Traditional school wasn’t for Matt. Oaklawn’s helping him on a new path.
Matt Frick is one of those kids – he’s street smart and quick on his feet, but he struggles in a traditional school setting.
His foster mom Julia Frick said he started off behind. His biological mom used substances during her pregnancy. Matt now has a processing disorder and some vision issues stemming from severely crossed eyes when he was a baby. He’s had two corrective surgeries so far, but still faces some challenges with vision.
When Julia’s wife Shelly died from cancer four years ago, Matt and his siblings all struggled more with school. Then Covid hit, and school switched to e-learning, making it even harder for kids like Matt. By the time he returned to the classroom, he was failing all his classes.
“I just asked him, ‘OK, Matt, what’s going on?’ And he said, ‘I just put my head down all day,’ ” Julia said. “I pulled him out.”
He plans to get his GED, but he has to wait another few months – until he’s 18 – to take classes. In the meantime, he wanted to build up some real-world experience. His Oaklawn case manager recommended taking classes through the Career Center. He was very excited when an opportunity opened for him to take welding classes there. It’s a unique life skill that could lead to a great career. But cost was a barrier for the family.
Matt is one 16 kids Julia counts as her own – between her biological, adopted and foster kids. Matt is the son of her ex-husband (which is why they share the same last name), and she’s in the process of adopting him. He’s one of six who still lives at home, who she supports as a single mom.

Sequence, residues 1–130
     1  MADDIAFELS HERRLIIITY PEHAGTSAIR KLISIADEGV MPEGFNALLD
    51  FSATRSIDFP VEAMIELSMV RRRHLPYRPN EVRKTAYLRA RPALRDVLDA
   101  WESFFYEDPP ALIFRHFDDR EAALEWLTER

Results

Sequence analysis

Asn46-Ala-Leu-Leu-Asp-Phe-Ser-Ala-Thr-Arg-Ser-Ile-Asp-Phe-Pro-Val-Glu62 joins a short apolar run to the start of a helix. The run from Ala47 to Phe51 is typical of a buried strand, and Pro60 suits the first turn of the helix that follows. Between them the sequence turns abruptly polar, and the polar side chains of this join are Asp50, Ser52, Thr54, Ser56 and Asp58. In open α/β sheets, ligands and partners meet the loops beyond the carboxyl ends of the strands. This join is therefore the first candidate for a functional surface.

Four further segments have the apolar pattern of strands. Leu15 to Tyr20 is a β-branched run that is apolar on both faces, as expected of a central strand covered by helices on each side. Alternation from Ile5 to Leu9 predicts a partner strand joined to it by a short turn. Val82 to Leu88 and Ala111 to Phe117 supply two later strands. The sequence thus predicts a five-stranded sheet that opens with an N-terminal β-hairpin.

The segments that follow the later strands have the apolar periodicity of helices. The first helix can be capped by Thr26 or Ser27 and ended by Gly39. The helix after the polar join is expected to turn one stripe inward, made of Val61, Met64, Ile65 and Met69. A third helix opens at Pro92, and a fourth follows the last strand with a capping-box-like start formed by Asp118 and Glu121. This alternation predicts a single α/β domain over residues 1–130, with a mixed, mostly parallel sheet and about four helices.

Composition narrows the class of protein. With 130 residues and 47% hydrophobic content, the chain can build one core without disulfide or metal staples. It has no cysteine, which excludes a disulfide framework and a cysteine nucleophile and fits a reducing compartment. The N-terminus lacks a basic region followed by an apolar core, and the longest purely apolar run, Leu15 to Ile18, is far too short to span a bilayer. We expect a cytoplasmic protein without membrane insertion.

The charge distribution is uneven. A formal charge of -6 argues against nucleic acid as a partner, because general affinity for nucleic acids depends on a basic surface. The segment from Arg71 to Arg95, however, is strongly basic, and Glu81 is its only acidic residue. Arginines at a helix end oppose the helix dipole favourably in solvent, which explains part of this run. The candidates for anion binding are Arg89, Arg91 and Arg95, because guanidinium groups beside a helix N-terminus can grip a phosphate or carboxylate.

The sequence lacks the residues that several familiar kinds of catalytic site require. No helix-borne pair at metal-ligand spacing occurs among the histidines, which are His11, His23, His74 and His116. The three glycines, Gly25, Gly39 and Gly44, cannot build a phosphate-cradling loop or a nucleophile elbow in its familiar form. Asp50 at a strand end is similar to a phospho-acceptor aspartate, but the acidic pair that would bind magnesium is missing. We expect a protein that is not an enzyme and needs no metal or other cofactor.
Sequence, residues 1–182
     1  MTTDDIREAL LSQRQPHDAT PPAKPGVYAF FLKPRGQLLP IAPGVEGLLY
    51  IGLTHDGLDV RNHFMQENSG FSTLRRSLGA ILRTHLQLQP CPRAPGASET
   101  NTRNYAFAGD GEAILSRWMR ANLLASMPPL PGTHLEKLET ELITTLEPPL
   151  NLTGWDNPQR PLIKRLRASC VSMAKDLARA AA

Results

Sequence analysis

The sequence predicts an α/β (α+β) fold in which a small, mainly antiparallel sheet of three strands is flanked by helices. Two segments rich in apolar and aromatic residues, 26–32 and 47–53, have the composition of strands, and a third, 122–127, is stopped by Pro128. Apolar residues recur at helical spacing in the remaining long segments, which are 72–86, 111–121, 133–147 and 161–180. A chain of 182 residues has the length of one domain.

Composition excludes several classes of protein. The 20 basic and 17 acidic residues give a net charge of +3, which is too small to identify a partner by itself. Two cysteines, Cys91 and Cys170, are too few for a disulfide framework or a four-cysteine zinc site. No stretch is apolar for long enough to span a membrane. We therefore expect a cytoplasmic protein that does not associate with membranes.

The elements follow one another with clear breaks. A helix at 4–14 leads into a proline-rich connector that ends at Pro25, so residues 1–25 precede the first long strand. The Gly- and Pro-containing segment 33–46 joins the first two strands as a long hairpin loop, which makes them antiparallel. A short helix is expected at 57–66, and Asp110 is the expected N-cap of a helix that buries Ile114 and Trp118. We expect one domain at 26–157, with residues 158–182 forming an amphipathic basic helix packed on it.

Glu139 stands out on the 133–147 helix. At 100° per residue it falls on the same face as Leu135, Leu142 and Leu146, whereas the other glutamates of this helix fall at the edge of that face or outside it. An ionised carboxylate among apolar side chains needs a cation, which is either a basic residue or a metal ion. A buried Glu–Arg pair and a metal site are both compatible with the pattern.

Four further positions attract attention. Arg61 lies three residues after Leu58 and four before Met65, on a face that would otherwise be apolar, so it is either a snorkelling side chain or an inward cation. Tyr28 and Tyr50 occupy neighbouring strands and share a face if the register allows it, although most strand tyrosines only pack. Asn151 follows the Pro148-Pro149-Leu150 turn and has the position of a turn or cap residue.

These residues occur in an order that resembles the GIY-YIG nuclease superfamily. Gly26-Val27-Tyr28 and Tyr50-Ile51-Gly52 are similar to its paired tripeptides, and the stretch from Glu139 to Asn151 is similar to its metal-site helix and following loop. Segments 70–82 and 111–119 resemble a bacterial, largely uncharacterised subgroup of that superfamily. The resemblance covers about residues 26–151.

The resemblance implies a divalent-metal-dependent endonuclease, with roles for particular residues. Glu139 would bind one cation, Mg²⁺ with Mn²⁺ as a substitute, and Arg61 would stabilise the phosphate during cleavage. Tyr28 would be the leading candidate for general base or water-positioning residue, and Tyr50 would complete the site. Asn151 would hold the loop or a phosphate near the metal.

So the Oaklawn Foundation stepped in, covering the nearly $400 fee for Matt to take the class.
“This opportunity is really thanks to Oaklawn,” Julia said. Both she and Matt said they were grateful for the funding – an investment in Matt and his future.
“It’s going to help me pursue what I want down the line,” Matt said.
Despite all he’s gone through, Matt maintains a positive outlook on life, and a helpful demeanor that Julia knows will benefit him as an adult.
“He’s come so far,” Julia said. “Sometimes, when you look at somebody’s life, it doesn’t tell the whole story. He’s applied himself and come very far from where he started. A lot of people don’t appreciate that, but I look at who they were and who they are and how far they’ve come, and he’s come a long way.”
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